A font conflict can cause system errors (for example, Invalid Page Fault errors) when you work in applications. A font conflict can occur when you use a damaged font, have too many fonts installed in the Windows registry, or use an old or incompatible font. The troubleshooting steps in this document help you isolate a font conflict and ensure that you use the current version of a font.
- Isolate damaged fonts in Windows NT, Me, 98, or 95
- Isolate damaged PostScript fonts in Windows NT, Me, 98, and 95
- Isolate damaged TrueType fonts in Windows NT, Me, 98, and 95
- Isolate damaged fonts in Windows XP and 2000
- Isolate fonts managed by ATM in Windows XP and 2000
- Isolate fonts managed by the Fonts utility in Windows XP and 2000
- Check font integrity
- Show all
Isolate damaged fonts in Windows NT, Me, 98, or 95
In Windows NT, Me, 98, and 95, you install and remove PostScript fonts (Type 1 fonts) using Adobe Type Manager Light or Deluxe. You can also use ATM Deluxe to activate and disable TrueType fonts. To isolate a damaged font, you can prevent fonts from being loaded and then load the fonts in small groups. After loading each group of fonts, work in your applications until the problem recurs.
Isolate damaged PostScript fonts in Windows NT, Me, 98, and 95
To isolate a damaged PostScript font in Windows NT, Me, 98, or 95, remove all fonts from ATM. Then, remove font references from the Win.ini file and the Atm.ini file. Finally, reinstall the fonts in small groups from their original disks.
Isolate a damaged PostScript font:
Isolate damaged TrueType fonts in Windows NT, Me, 98, and 95
You can isolate a TrueType font conflict by removing the fonts from the Fonts folder and then adding them in small groups. Or, you can use ATM Deluxe to enable and disable fonts. If you use a font management utility other than ATM Deluxe, disable the utility to ensure that Windows doesn't load the fonts.
Isolate a damaged TrueType font using the Fonts folder:
Isolate damaged fonts in Windows XP and 2000
In Windows 2000 and XP, PostScript fonts can be installed and removed using either the Windows Fonts utility or ATM Light or Deluxe. TrueType fonts can be installed and removed using the Fonts utility in the Windows Control Panel, or by using ATM Deluxe. To isolate a damaged font, you can prevent fonts from being loaded and then load the fonts in small groups. After loading each group of fonts, work in your applications until the problem recurs.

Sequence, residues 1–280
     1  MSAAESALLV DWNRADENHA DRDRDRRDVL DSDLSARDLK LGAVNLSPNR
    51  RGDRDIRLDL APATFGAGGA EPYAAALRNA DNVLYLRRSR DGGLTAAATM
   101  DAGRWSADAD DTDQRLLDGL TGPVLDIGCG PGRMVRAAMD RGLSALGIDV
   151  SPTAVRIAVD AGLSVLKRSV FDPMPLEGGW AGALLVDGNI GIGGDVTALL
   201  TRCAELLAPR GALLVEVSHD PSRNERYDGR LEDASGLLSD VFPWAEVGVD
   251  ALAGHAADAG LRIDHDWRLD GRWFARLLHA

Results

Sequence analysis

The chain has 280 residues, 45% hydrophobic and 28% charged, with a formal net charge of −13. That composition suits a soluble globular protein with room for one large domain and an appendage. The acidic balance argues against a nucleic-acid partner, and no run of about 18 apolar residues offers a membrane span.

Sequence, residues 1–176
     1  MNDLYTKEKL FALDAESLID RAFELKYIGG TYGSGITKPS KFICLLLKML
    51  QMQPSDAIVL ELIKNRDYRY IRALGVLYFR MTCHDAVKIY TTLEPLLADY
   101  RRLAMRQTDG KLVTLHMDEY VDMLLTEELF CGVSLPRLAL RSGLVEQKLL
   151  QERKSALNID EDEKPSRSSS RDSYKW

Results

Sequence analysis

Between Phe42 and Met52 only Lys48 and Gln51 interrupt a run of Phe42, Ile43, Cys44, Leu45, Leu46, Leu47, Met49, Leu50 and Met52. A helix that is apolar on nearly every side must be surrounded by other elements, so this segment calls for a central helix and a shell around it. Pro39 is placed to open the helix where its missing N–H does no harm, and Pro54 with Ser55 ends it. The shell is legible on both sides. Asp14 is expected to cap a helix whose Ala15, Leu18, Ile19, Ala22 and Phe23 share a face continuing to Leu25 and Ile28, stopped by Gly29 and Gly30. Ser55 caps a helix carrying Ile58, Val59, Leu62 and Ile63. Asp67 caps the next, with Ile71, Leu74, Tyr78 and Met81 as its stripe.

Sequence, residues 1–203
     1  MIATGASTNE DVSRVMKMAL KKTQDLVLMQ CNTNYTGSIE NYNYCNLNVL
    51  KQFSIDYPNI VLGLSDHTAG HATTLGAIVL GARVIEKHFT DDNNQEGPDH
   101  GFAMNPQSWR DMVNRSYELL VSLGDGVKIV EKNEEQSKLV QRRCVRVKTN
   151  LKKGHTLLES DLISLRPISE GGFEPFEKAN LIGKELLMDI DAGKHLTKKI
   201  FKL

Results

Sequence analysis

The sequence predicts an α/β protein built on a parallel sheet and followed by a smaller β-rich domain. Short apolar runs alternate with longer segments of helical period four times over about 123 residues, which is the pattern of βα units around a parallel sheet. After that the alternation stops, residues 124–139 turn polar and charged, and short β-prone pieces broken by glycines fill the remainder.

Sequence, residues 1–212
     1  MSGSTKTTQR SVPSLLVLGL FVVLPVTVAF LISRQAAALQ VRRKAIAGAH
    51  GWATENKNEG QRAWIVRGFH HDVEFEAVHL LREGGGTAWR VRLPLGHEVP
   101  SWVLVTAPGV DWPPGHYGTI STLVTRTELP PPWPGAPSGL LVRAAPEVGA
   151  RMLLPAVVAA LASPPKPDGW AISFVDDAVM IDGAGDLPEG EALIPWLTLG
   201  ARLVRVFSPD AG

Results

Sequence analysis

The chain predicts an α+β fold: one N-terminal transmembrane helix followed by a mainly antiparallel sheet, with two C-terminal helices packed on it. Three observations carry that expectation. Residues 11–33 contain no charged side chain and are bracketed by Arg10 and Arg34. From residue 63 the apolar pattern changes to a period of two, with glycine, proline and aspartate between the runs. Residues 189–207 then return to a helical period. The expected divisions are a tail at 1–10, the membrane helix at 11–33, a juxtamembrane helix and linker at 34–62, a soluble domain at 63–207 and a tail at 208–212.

Isolate fonts managed by ATM in Windows XP and 2000
To isolate a damaged font installed using ATM in Windows 2000 or XP, remove all fonts from ATM. Then, reinstall the fonts in small groups from their original disks.
Isolate fonts managed by the Fonts utility in Windows XP and 2000
To isolate a damaged font installed using the Fonts utility in the Windows Control Panel, remove fonts from the Fonts folder. Then add them in small groups.
- Try to re-create the problem. If the problem occurs, it can be related to a font installed by Windows. (To reinstall fonts installed by Windows, you must reinstall the Windows operating system.) If the problem doesn't occur, move a small group of fonts back into the Fonts folder, and then restart Windows.
Check font integrity
System errors can also occur when applications access damaged fonts. You can use the Fonts folder to check for damaged fonts, or you can use ATM Deluxe 4.x.
Check for damaged fonts with ATM Deluxe:
- Deactivate and reactivate the font by clicking the Sets tab, selecting the font, clicking Deactivate, and then clicking Activate.
- If the font isn't stored on the local hard disk, make sure that ATM can access the font. Reconnect to the drive or other media where the font is installed.
- Delete and reinstall the font from the original font installation disk or CD.
Check for damaged fonts with the Fonts folder:
Note: It's possible that damaged TrueType fonts still display sample text, so viewing sample text doesn't guarantee a font's integrity.
Check dates of PostScript font files
Older fonts can cause errors in newer operating systems and applications. To ensure compatibility with current applications and operating systems, make sure that the PostScript fonts you use are dated 1993 or later. Before 1993, Adobe revised a large portion of its type library, mostly to accommodate cross-platform naming conventions, although some font information was also revised. Older fonts work fine on most computers, but some newer applications and operating systems cannot interpret the older font information. You can check the date of your font in Windows Explorer or in ATM. For information about updating Adobe PostScript fonts, contact Adobe Customer Service at 800-833-6687.
To check the date of a PostScript font in Windows Explorer, select the .pfm or .pfb file and choose File > Properties.
To check the manufacturer and date of a PostScript font in ATM, do the following:
Reduce the amount of font information in the Windows registry key
All TrueType font files are registered in a single key in the Windows registry. PostScript font paths can also take up space in the registry key.
If the registry key contains too much information, your system can behave erratically (for example, return errors). To reduce the amount of information stored in a registry key, remove fonts. If you need the fonts, reinstall them in their default folders (C:\Windows\Fonts for TrueType fonts; C:\Psfonts and C:\Psfonts\Pfm for PostScript fonts). If font files are in a folder other than the default folder, the full path to the font is included in the registry. The full path occupies more space in the key and reduces the number of fonts you can install without errors. For example, if the path to font files is C:\Mystuff\Business\Fonts\Truetype Fonts\A-E\xxxxxx.ttf, the path to the font file takes up more space than the path to fonts installed in the C:\Ttfonts folder.